Thursday, August 9, 2007
Tucked into the 13mm panel using power plane and then belt sander. Used an 8:1 scarf. Wetted out joints with raw epoxy for about 5 minutes so some epoxy could soak into end grain and then applied thickened epoxy. I used a bowed bit of Kahikatea plus some epoxy to apply even pressue to the join.
Posted by Brian at 1:45 PM
Tuesday, August 7, 2007
Coated all the frames with epoxy before assembly. Also put 1 layer of glass on the transom. I made a guide to check the airfoil shape on the centreboard. It has come out pretty cool. Just a bit of filling and sanding to be done. Then I will glass and take a mould for the lead.
Friday, August 3, 2007
Here is how I decided to do my centreboard after trying to find methods using google and not finding many...
The foil shape only goes to about 180mm from the end of the board. After a bit of thinking I decided to rough chisel this area out for the front of the plane. I then tucked in and planed down to about 2mm of the router guides. Penciling in the router marks made them more visible. With the plane on a finer setting and then using the belt sander with 60 grit I got a great foil shape. You can also see the taper towards the bottom of the foil. It has about the same taper as a Cessna-172 wing. decided this would be simpler than trying to make it elliptical. More to come tomorrow. I was dreading this but it has been reasonably straight forward so far.
Thursday, August 2, 2007
Tackling the centreboard now. Have decided to use a NACA 0012 profile for my keel. I printed the foil using a shareware program called MacFoil. I glued the foil shape onto the end of the centreboard and have routered down to the foil as a guide.
More to come tomorrow.
Posted by Brian at 12:24 AM
Sunday, July 29, 2007
My apprentice and I learnt the finer ways of rounding edges using files and sandpaper. We rounded all the frame arms this way as I don't have a router. We also cut all the centreboard lammels and epoxied. Used about 50-60 strokes of epoxy. We used a nothed spreader to spread thickened epoxy and then sash clamped. Not a bad week.
Posted by Brian at 4:21 AM
Friday, July 27, 2007
Also glued on Stem doublers today. I cut out where the stringers will go. I kind of guestimated the angles from the plans and transfered to doublers. To stop items moving as the clamps are done up I have been pre drilling holes and nailing. This seems to work and stops the items sliding around. Also found these cool nothed spreaders at Mitre 10 for spreading epoxy.
Posted by Brian at 12:07 AM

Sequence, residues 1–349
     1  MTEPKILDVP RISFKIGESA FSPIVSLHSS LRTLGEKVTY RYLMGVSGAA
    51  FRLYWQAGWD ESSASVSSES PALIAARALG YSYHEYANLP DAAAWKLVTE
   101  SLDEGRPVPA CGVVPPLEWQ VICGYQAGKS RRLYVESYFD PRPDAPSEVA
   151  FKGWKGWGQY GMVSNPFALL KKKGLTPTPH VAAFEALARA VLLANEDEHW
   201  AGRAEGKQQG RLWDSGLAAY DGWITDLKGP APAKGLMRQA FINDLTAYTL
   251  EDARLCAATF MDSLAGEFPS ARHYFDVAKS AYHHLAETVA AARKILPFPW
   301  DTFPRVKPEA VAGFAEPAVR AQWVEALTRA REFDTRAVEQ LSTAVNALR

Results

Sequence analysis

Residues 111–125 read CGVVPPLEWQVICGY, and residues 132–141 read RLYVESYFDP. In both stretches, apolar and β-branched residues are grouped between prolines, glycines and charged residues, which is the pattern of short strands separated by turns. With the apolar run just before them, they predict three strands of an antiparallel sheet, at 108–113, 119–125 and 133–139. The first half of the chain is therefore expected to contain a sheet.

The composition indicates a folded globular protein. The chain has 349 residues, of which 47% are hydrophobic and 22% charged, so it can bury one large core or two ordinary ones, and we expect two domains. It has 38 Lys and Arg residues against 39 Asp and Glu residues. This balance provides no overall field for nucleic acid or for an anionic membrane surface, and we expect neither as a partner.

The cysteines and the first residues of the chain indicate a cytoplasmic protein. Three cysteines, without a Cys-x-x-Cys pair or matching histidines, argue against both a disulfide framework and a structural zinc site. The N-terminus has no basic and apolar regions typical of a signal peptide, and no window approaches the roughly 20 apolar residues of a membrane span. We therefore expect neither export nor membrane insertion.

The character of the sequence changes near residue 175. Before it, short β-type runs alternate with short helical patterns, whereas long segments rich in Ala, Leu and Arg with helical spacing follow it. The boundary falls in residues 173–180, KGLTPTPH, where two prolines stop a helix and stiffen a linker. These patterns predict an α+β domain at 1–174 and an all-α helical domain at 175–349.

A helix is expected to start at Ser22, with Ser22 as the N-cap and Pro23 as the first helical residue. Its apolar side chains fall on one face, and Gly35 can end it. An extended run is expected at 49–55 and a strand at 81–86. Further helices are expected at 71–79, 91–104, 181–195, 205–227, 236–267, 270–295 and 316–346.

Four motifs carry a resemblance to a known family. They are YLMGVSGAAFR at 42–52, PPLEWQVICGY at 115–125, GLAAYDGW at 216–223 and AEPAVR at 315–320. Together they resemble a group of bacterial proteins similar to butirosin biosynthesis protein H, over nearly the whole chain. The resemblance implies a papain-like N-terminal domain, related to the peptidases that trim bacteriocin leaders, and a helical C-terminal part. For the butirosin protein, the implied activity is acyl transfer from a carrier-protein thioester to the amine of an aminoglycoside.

Thursday, July 26, 2007
Wednesday, July 25, 2007
Finished epoxing and nailing on seat back (coaming) and seat supports onto frames. I decided to try some silicon bronze nails to see if it would speed up construction. Was a little faster. Still had to pre drill 20X20mm kahikatea to stop it splitting. Turned out to be a two person exercise and a bit messy. Any way got it all done tonight.
Will pre-coat frames with two coats of epoxy sometime soon as per West System guidelines.
Posted by Brian at 4:05 AM
Monday, July 23, 2007
Frame 2 and 4 ready to assemble. First put down wax paper over MDF template where epoxy is likely to dribble. Then clamped sidearms to template. Then attatched bottom panel and top panels.
Presently days are spent making final adjustments to side arms and panels. Also marking, cutting out, and pre drilling floor supports. Then after dinner epoxing it all together (then updating blog). In the morning will tidy up and notch for stringers Then work on next frames.
Posted by Brian at 3:35 AM
Sunday, July 22, 2007
Frames 1 and 3 complete for now. What a messy job epoxing is. Will need heaps of rags I reckon. Pretty pleased. Had to do a quick mock up with the stem. Gives an idea of the dimensions.
Hopefully will have all the next frames made this week as long as I am not called to work. Will glue up frames 2 and 4 tonight.
Posted by Brian at 11:28 PM
These frames happened to be the ones I decided to tackle first. The side arms are separate from the base and need to be screwed and glued to each other This was done by placing pieces over template for alignment and clamped.
To prepare a joint for epoxing both pieces of wood are pre coated in raw epoxy to wet out the area and left for a few minutes to soak into the wood. Then glue powder is added to the remaining epoxy and added to one side only. It is then placed in position and clamped or screwed together. Not so hard that all the glue is forced out of the joint. This method avoids dry joints.
(From the Gougen Brothers book on wooden boat building. These guys make the West System in the USA)
Posted by Brian at 4:18 AM
This involved getting cheap 4mm mdf and marking out frames as templates. This was great for the kids to learn about measuring and using rulers. These were $10 sheets. Then transposing them onto the $100 sheets of Australian Hoop Pine Plywood to be cut out.
Posted by Brian at 4:10 AM
Having decided that I needed a decent 'boat shed' we decided to bowl the old brick shed that was dark, dingy and damp. In it's place went a a Versatile Garage with heaps of pink batts, flouros, power, sleep out and epoxy coated polished concrete floor. This was all complete by about May 2007.
Posted by Brian at 3:29 AM
Wednesday, July 18, 2007
Welcolme to the build of my John Wellsford designed Pathfinder.
From a simple stack of plywood aye?
I decided to get my stringers, chines, packers, lammels etc. machined by Halswell Timber. I don't have a thicknesser etc. It is a mixture of kwilla and Kahikatea (white pine).
Posted by Brian at 3:36 PM